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ERIC Number: ED246476
Record Type: RIE
Publication Date: 1984-Mar
Pages: 13
Abstractor: N/A
Reference Count: 0
ISBN: N/A
ISSN: N/A
Developing Self-Awareness about Writing Processes: The Perry Model and the Remedial Writer.
Overbeck, Lois More
The William Perry model of learning is directly parallel to what has been learned about writing processes. He observed that the student is essentially a dualist who sees everything as right or wrong. This stance of absolute acceptance wavers when the student encounters varieties of or disagreements among truths, thus gradually evolving into the cognitive position of "relativism." Two correctives to this scheme help make its applicability to remedial writing more evident. The first is the suggestion that the Perry scheme also operates on a horizontal axis and that the process of inventing the self (or personna) in writing is constantly recursive. The other is the suggestion of the necessity of recursiveness to the learning process. Remedial students tend to be dualists about their writing skills, substituting self-consciousness for self-awareness. Central to the pedagogy of the author's remedial writing classes at Agnes Scott College is the students' shift from negative and dualistic notions about writing to a positive and relativistic awareness of writing processes. After writing spontaneously on what they perceive to be their writing problems, students complete a protocol analysis on previous writing experiences in order to set goals and objectives. They then learn writing strategies such as free writing, revision, and purpose and audience considerations. This self-awareness of writing processes creates a more positive attitude toward writing, and gives students a tool for learning and developing intellectual maturity in other areas. (HTH)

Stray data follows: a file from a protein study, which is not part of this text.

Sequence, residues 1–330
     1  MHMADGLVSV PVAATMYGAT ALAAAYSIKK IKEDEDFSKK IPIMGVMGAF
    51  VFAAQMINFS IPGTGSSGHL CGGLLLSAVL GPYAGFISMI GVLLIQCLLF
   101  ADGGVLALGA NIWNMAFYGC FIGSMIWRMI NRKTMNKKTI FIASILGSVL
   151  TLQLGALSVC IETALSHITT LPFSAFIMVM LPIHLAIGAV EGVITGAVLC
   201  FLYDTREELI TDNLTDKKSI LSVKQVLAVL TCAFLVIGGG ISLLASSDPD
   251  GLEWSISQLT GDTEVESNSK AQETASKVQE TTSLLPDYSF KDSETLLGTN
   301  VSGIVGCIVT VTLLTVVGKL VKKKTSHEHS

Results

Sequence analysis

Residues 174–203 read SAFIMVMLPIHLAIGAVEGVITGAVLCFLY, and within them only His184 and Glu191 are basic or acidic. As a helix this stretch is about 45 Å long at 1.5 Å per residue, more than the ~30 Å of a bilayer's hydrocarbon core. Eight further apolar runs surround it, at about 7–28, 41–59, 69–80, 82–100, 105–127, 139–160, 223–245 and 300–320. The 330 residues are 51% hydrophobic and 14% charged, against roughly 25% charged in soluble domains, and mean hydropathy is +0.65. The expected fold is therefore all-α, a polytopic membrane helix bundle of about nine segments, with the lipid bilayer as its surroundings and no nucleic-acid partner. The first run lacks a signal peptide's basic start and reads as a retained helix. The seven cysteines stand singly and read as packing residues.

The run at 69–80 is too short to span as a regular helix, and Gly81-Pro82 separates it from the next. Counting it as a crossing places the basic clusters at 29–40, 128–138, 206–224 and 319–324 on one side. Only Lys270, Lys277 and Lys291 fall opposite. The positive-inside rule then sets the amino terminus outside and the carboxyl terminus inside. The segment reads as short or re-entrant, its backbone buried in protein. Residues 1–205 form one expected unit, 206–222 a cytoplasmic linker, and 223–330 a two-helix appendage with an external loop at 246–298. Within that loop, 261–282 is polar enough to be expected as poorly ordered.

Publication Type: Guides - Classroom - Teacher; Speeches/Meeting Papers; Opinion Papers
Education Level: N/A
Audience: Teachers; Practitioners
Language: English
Sponsor: N/A
Authoring Institution: N/A
Identifiers: Basic Writing; Perry (William)
Note: Paper presented at the Annual Meeting of the Conference on College Composition and Communication (35th, New York City, NY, March 29-31, 1984).